There Ain’t No Such Thing as a Free Lunch – Part 2
‘Situations emerge in the process of creative destruction in which many firms may have to perish that nevertheless would be able to live on vigorously and usefully if they could weather a particular storm’
One year ago, I posted an article discussing the negative side-effects of so-called quantitative easing measures, focusing on the asset inflation problem that leads to a financial squeeze of lower and middle classes in most developed economies (see There Ain’t No Such Thing as a Free Lunch)
Today, I would like to talk about another consequence of MMT that is related to the corporate sector.
Since Covid-19 pandemic hit financial markets, billion to trillion dollars stimulus packages and new unconventional monetary decisions have been announced in the US, in Europe and in Japan. The main motivation of authorities has been to counter the economic shock provoked by several weeks of human lock down. And one of the key measures has been a huge bail-out program for companies that would run out of cash because of this crisis.
People might say that such decisions are a natural application of the Keynesian theory. However, bailouts have become more and more frequent since the end of the 1990’s, and the amounts spent seem to grow at an exponential rate, raising questions about their real effectiveness.
Before moving forward, let me remind what we have already experienced so far: the spectacular LTCM bail-out in 1998, a big interest rate cut by the Fed after 9/11 that also came during the burst of the dot-com bubble, the massive bail-out of financial and mortgage institutions in 2008, and finally the rescue of indebted Southern Europe countries in 2012.
In 2020, the situation seems to have worsened again with various types of non-financial firms now requesting help from authorities. Boeing is probably the most emblematic of them. A company that announced a $20 billion share buyback program in 2019, granting a $60 million bonus to its CEO recently, and that is now facing a $6 billion cash burn problem.
Of course, aircraft constructors and airlines companies should not be accountable for the coronavirus pandemic. But one could argue that a well-run company should have taken advantage of good economic conditions to reinvest in its business and grow its cash reserves in order to prepare for a potential downturn. The truth is that many of those companies chose instead to increase dividends and share buybacks, some of them issuing new debt in order to finance those programs.
Cost of Capital and Economic Value Added
The problem is that we have lived in easy money conditions for almost two decades. And equity valuation has become the new norm for many people, from shareholders to executives. Some VCs have warned about startup founders chasing fundraising and high valuation instead of focusing on the quality of their project. Listed tech companies have suffered from the same bias, looking for high market multiples in order to offset weak balance sheets (e.g. Tesla).
But even larger firms from more traditional fields have suffered from that, giving priority to non-profitable activities and/or buying their own shares in order to boost the stock performance. In a financial environment characterized by low economic growth and negative yields, investors have always welcomed such decisions.
From startups to S&P 500 giants, MMT has led economic agents to seriously underestimate the cost of capital of investment projects. Thus, it has become more difficult to appreciate the real quality of cash flows, leading to a wrong perception of the economic value-added concept.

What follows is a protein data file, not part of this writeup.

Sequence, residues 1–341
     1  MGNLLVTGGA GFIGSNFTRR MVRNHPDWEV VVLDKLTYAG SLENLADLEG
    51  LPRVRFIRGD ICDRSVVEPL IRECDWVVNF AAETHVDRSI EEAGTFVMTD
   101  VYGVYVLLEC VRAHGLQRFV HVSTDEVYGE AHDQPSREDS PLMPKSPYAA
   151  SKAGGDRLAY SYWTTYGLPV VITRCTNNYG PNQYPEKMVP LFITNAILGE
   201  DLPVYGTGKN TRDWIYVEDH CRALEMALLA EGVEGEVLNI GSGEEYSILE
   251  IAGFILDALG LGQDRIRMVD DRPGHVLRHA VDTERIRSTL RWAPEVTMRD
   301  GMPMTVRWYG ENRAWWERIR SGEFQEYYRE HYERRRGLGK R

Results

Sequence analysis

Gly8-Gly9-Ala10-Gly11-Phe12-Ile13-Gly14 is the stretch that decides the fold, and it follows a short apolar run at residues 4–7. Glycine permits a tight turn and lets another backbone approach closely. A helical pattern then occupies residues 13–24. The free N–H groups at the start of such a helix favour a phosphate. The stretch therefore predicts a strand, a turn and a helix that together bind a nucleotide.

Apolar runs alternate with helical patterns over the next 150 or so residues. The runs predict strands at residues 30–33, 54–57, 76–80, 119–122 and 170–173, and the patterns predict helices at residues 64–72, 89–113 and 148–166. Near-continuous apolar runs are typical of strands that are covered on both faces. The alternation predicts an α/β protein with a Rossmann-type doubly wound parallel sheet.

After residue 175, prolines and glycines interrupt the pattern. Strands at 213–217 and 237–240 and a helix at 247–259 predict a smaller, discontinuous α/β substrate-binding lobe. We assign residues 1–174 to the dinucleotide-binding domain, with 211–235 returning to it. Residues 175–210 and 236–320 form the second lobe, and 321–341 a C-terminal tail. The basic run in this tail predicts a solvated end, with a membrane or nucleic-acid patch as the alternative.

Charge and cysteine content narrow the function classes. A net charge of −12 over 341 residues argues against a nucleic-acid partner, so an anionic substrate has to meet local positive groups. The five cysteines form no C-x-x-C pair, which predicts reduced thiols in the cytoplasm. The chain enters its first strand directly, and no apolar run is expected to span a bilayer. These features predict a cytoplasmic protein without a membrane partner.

Bailouts and money printing measures derive from a post-Keynesian vision of economic policy. From this perspective, money is assumed to be only a flow and debt creation is a necessary condition for growth. However, after several decades of high public deficits in many countries, and years of quantitative easing, the impact of those measures on GDP is doubtful.
Actually, the rise of monetary easing solutions in Western countries could be treated as the political by-product of a structural organic demand problem affecting their economies. In a coming article, I will detail the reasons for this long-term decline of domestic demand in the US, Europe and Japan.
In my opinion, bailouts and quantitative easing are likely to fail to address this problem. They could lead at best to a short-term economic and social relief, but definitely not to long-term self-sustaining growth.
Besides, they might even worsen structural issues because of negative externalities such as moral hazard and the accumulation of non-performing assets among the private sector, with more bad investment decisions to come and mismanagement. Said differently, the absence of creative destruction might undermine Western economies for years.
As far as today, many developed countries have embraced MMT and the infinite bailouts idea. Nevertheless, it is worth noting that China has recently started to fight against excessive leverage and zombie companies. Since the non-performing loans crisis of the 1990’s, Chinese authorities had solved almost every debt problem sweeping under the carpet. But things dramatically changed with the rise of Xi Jinping and his will to open a new economic era based on a more sustainable model. Will China succeed on establishing a more balanced macroeconomic system?
As already mentioned before, the ongoing health and economic crisis might be revealing a slow but powerful shift in the world (see Reverse Black Swan?). Therefore, from a long-term investment perspective, everyone should carefully look at the fundamentals of each region.
This article was originally published on LinkedIn April 8, 2020.